I was in Palestine for two and a half weeks. I was in jail for six days. Our arrest was clearly an attempt by Israeli occupiers to scare international activists from going to Palestine and supporting the Palestinian people. The IOF thought they could break the ISM. They want to have Palestinians cornered and isolated, making it easier for them to terrorize them and occupy their land. But even if they imprison or deport activists, they cannot silence the truth. They cannot stop the people of the world from standing with the Palestinian people. We are now more determined to expose the brutality of the Israeli Occupying Forces.

When I returned to Los Angeles, to my neighborhood in South Central, it was a big shock for me, having seen first hand what the U.S. is doing around the world. I came back more determined to take on this government. I came back more determined to make revolution in the belly of the beast, for the people in Palestine, for the oppressed people around the world, and for the oppressed inside the U.S.

===========================

Dancing for Palestine

by Joaquin Cienfuegos

August 10, 2003

I don't know how it is to play in a playground,
but I know of all the prisons in my country.
My father was in prison,
because he had a dream to live in freedom without oppression..."
"My birthday? The 6th, 7th, 8th?
I don't remember exactly,
because I didn't celebrate my birthday.
I didn't blow out candles.
I swear I will never blow out candles,
because my brother Hassan was like a candle
Extinguished by the bullets of the occupier when he was only twelve years old."

From two poems delivered in Arabic by the IBDAA Dance Troupe at their July 3 performance in La Mirada, California

To see Palestinian youth fly across the stage in a beautiful folkloric ballet depicting the struggle, the history, and the dream of the Palestinian people was inspiring.

On July 3, 1500 people came together at La Mirada Theater in La Mirada, near Los Angeles, to experience the IBDAA Children's Dance Troupe from the Dheisheh refugee camp in Bethlehem, Palestine. Palestinians from all over southern California came together to watch the youth perform the debkeh, a Palestinian folkloric dance, and to hear the poetry of the youth.

The IBDAA Dance Troupe recently concluded their U.S. tour, which was sponsored by the Middle Eastern Children's Alliance. This was the troupe's second trip to the U.S. Their first tour was in 1999 when they visited five cities. This time they visited 11 cities, including New York, Chicago, and L.A. The troupe has traveled to more than 13 countries around the world since they were founded in 1994.

The La Mirada performance was sponsored by the L.A. and Orange County chapter of the American Arab Anti-Discrimination Committee (ADC). The theme of the night was the right of Palestinian refugees to return to their historic homeland.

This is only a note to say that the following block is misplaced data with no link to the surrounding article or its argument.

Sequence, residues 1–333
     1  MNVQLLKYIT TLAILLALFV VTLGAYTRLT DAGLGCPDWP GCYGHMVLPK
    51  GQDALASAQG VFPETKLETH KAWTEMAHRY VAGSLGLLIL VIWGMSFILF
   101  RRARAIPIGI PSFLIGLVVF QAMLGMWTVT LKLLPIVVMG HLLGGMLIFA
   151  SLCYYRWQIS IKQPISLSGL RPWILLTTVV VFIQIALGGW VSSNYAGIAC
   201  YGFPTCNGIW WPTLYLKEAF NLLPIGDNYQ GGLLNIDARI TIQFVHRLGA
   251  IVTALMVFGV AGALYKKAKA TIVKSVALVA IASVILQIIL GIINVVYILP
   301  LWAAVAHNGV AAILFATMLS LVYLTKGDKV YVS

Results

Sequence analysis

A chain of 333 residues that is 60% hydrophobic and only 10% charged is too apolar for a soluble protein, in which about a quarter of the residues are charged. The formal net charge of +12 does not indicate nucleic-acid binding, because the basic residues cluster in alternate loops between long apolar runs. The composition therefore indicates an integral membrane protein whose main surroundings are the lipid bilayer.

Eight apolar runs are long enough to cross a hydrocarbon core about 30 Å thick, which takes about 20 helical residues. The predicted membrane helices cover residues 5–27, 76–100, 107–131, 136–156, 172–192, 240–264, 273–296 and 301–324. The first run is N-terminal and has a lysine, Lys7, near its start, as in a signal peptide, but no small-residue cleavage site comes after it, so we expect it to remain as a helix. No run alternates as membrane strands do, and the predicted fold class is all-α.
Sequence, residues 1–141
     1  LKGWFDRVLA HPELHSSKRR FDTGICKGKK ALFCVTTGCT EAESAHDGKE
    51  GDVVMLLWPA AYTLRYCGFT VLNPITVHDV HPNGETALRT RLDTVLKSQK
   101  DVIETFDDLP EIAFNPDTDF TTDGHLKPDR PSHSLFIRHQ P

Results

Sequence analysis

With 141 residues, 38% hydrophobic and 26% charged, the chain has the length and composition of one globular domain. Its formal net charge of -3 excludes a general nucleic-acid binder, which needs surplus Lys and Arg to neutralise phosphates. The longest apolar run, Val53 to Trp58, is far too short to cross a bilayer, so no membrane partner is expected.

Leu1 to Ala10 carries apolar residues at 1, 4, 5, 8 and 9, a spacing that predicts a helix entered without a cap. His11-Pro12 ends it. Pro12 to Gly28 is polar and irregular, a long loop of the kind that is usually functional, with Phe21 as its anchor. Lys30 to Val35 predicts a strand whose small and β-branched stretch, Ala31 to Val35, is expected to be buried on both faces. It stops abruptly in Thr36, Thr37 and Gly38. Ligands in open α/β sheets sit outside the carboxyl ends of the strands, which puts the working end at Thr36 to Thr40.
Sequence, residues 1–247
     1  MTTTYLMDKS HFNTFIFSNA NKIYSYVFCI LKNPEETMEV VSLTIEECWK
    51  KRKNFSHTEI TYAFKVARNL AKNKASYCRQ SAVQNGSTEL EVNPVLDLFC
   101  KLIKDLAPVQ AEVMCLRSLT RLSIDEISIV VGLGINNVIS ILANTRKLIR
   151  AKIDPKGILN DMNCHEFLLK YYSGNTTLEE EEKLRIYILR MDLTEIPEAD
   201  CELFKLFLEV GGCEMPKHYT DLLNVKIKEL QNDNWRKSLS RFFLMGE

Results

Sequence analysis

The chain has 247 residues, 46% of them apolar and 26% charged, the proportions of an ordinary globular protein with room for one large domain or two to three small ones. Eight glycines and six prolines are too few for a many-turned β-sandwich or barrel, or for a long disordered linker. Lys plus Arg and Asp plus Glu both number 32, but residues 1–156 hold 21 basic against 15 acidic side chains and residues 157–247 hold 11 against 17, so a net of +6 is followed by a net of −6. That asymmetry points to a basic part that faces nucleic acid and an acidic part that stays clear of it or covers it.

The youth of the dance troupe are united around their struggle as refugees. They aspire to let the world know of their oppression as refugees. There are millions of Palestinian refugees all around the world and within Palestine, driven out from their homes by the Zionist regime of Israel.

At the July 3 performance, Ban Al-Wardi, the president of the ADC chapter, said, "We will continue to work together as a chapter, as a community, and as a family, to ensure that the right of return for all Palestinian refugees from around the world is heard, respected, and protected." Al-Wardi is a lawyer who has been supporting people persecuted by the U.S. government since September 11, 2001.

Michel Shehadeh--a Palestinian activist who has faced political persecution by the U.S. government, including being charged under the Patriot Act--introduced one of the youth from IBDAA. The youth told the audience about the fight the dance troupe had to wage to do their U.S. tour. The group did not get their visas until shortly before they were scheduled to leave for the tour. And even then, two of the main organizers of the troupe were refused visas. But the youth told the audience, "Even with all these problems we are anxious to perform for you tonight and to continue the rest of our tour with the message of Palestinian refugees, wherever they are: there is no solution without the right of return."

The event was broken into four main performances that spoke to particular struggles within the overall fight for Palestinian liberation. The first scene, "Al-Matakal" ("Political Prisoners"), was a theatrical piece about the experience of the Palestinian people in Israeli prisons. An Israeli soldier blindfolds the prisoners, ties their hands, shoves them on the ground, beats them, and then walks off the stage arrogantly. This skit was emotional, and it sent chills down my spine. A very powerful moment was when a child from the troupe sang in a strong voice in Arabic, "My friend left and came back in a coffin."

"Al-Waseeya" ("The Will") told the story of Palestinian farmers and village life before 1948, when the UN came and divided the land between the Palestinian people, who had lived there for hundreds of years, and the Zionist occupiers. The scene showed what type of relationship the Palestinian people had with the land and how the people were determined to resist various occupiers--from the Ottoman Empire, to the British, and to the current Israeli/U.S. occupation. The youth danced in circles in motions depicting the tilling of the land, accompanied by words and music of traditional Palestinian folk songs: "No matter how hard they'll try to bring us down, we're always going to rise."

The third performance was a dance of the struggle of Palestinian refugees, dispossessed of their land.